Skin Cancer

Topics: Cancer, Squamous cell carcinoma, Sunscreen Pages: 5 (1661 words) Published: October 8, 1999
Skin Cancer

Gone are the days when people sent children outside to play to get a little color in their cheeks. They know too much about the dangers of unprotected sun exposure and the threat of skin cancer. Or do they? Despite the fact that 58% of parents remembered hearing about the importance of protecting their children from the sun, children are still playing in the sun without sunscreen or protective clothing (3., p 1). Sunburn is the most preventable risk factor of skin cancer. Skin type and family history cannot be changed. Protection from the sun and education of the potential hazards of the sun need serious attention. The American Cancer Society estimates that over 850,000 cases of skin cancer will occur in the United States during 1996. Of those cases, they predict that 9,430 will end in death (4., p 1). Apparently, Americans still do not have an adequate amount of prevention information to help reduce the disfigurement and mortality from this cancer.

Exposure to the ultraviolet radiation from the sun is the most frequently blamed source of skin cancer. Due to the reduction of ozone in the earth's atmosphere, UV radiation is higher today than it was several years ago. Ozone serves as a filter to screen out and reduce the UV light that reaches the earth's surface and its people. Very simply, sunburn and UV light can damage the skin and lead to skin cancer (1., p 1). The American Cancer Society also faulted repeated exposure to x-rays, artificial forms of UV radiation like tanning beds, and contact with chemicals like coal tar and arsenic as other causes of skin cancer (4., p 1). Additionally, if there is a history of skin cancer in the family, an individual may be at a higher risk (1., p 1). Individuals who have experienced only one serious sunburn have increased their risk of skin cancer by as much as 50% (1., p 4).

There are three main types of skin cancer: basal cell carcinoma, squamous cell carcinoma, and malignant melanoma. Basal cell carcinoma usually imposes itself on areas of the skin that have been exposed to the sun. It usually appears as a small raised bump with a smooth shiny surface. Another type resembles a scar that is firm to the touch. Although this specific type of skin cancer may spread to tissue directly surrounding the cancer area, it usually does not spread to other areas of the body (9., pp 2-3).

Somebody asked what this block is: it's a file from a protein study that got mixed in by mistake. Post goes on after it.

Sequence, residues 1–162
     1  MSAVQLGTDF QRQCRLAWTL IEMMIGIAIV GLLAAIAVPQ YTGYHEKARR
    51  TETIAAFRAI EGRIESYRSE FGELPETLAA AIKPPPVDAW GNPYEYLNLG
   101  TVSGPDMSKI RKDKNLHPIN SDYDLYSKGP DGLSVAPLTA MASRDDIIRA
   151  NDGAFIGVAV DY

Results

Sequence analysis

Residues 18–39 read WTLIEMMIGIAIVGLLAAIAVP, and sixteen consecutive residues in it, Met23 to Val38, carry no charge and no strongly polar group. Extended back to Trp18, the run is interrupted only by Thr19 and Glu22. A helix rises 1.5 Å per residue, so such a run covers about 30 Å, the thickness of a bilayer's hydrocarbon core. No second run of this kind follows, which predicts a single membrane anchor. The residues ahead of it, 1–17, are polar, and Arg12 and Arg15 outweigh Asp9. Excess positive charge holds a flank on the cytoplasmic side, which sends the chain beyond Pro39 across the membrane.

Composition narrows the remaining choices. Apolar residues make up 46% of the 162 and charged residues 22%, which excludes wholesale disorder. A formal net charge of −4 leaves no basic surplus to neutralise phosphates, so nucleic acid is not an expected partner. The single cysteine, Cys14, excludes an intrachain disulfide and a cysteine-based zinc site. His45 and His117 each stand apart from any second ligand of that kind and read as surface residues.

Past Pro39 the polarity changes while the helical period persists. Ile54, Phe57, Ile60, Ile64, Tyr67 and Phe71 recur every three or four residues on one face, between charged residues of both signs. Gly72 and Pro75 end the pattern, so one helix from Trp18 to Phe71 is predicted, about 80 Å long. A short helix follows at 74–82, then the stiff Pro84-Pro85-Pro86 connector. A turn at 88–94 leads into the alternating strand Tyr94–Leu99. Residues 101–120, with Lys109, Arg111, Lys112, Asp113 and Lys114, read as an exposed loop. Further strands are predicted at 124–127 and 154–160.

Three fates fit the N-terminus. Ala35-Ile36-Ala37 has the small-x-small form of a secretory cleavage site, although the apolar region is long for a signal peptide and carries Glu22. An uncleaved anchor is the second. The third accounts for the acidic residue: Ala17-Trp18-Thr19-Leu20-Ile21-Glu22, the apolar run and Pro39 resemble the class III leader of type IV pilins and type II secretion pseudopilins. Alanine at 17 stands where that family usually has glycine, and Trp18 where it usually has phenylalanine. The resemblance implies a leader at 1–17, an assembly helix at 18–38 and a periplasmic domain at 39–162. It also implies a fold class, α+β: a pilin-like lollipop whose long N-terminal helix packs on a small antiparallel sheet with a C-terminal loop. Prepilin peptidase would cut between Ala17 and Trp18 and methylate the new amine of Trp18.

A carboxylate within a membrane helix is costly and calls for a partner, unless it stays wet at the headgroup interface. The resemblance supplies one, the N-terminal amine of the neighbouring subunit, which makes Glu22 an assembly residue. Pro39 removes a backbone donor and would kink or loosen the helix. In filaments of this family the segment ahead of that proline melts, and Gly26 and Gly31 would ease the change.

Squamous cell carcinoma growths also appear most frequently on areas of the body that have been exposed to the sun. These areas can include the hands, lower lip, forehead, and the top of the nose. Additionally, skin that has been exposed to x-rays, chemicals, or has been sunburned can host these tumors. The squamous tumors may feel scaly or develop a crusty appearance. Some growths may bleed. These particular tumors may spread to lymph nodes in the surrounding area (9., pp 2 -3).

Malignant melanoma is a far more serious type of skin cancer. It can spread quickly to other parts of the body through the lymph system or blood. This type of skin cancer is more common among adults. Findings have indicated that men most often develop melanoma on the trunk of the body. Whereas, women most often develop it on the arms and legs (6., pp 2-3). The warning signs of melanoma are: changes in the color, size, or shape of a mole, bleeding or oozing from a mole, or a mole that is hard, lumpy, swollen, and is tender to the touch, or feels itchy. A new mole can also be an indicator of melanoma. A simple "ABCD" rule outlines the warning signs of melanoma. "A" is for asymmetry. One half of the mole does not match the other. "B" is for border irregularity. The edges are ragged, notched, or blurred. "C" is for color. The pigmentation is not uniform. "D" is for a diameter of greater than 6mm. Any progressive increase in size should be of particular concern (8., p 1).

For both basal and squamous cell carcinomas, surgery is the most common treatment. Electrosurgery is...
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